Research is what research is. You take what you get and you can decide to draw conclusions based on what you see or not draw any conclusions at all. As we have discussed here at Marketing Pilgrim many times in the past, research as PR and advertising has really tainted our ability to get reliable information nowadays. As a result, we go with what we have and then let our gut and experience tell us whether what we see is real v. crafted for a branding purpose.

Having said that I find any data comparing how agencies look at the digital world vs. how marketers look at it as pretty fascinating. It is often the best indicator of what agencies are trying to sell oftentimes despite what marketers say they need or desire.

A study from the outsourced agency business development firm, RSW/US, (via eMarketer) gives some insight into this area by running a comparison to findings from 2009 to today. Take it as you would like.

The most obvious change is marketer use of online advertising. Does this switch show that more and more marketers are doing this on their own? Not sure from this chart but one would think that in the economy of the past three years marketers would want to figure more of this out on their own to keep agency fees to a minimum.

Meanwhile it looks like agencies are talking more about strategic direction v service delivery. That is an interesting shift as well. Having worked on both sides of this equation at different points in time I can sympathize. Scope creep in actual digital service delivery is a disheartening reality of the digital marketing services industry. As a result, many on the agency side will be more desirous of the less ‘deliverably definable’ (yes, I totally made that one up so just roll with it) area of strategic counsel. It’s that magical place where an agency can tell a client exactly what they should be doing but then leaves the delivery to the client. It’s much cleaner but as a model it is hard since ongoing needs for strategy and direction are not like monthly deliverables for search, display, content and more.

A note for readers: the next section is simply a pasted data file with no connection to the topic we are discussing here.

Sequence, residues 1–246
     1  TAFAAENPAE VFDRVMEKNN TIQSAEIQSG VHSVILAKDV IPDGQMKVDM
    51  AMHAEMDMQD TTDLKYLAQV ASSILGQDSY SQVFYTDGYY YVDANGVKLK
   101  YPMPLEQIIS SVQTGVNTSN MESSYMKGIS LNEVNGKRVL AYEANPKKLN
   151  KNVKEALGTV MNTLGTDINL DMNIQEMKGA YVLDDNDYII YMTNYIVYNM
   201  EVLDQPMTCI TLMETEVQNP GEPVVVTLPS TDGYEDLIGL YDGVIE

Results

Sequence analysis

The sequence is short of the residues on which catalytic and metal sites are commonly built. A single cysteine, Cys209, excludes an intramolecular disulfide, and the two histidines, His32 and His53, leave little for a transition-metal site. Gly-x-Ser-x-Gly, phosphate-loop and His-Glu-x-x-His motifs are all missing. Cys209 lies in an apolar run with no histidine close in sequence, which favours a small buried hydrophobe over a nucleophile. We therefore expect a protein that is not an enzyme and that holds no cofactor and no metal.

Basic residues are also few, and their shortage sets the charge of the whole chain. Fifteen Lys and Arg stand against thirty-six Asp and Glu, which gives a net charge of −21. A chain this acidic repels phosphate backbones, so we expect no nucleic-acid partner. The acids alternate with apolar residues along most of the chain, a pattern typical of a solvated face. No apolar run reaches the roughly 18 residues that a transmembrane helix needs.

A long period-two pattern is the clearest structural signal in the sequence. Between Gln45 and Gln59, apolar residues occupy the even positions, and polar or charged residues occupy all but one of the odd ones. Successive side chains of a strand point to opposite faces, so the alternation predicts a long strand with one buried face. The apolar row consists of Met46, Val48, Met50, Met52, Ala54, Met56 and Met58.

How do you see the marketer v agency world? is it adversarial or is it more harmonious? What is required of both sides to make the best of what can sometimes be a difficult situation?

Any thoughts?



Marketing Pilgrim – Internet News and Opinion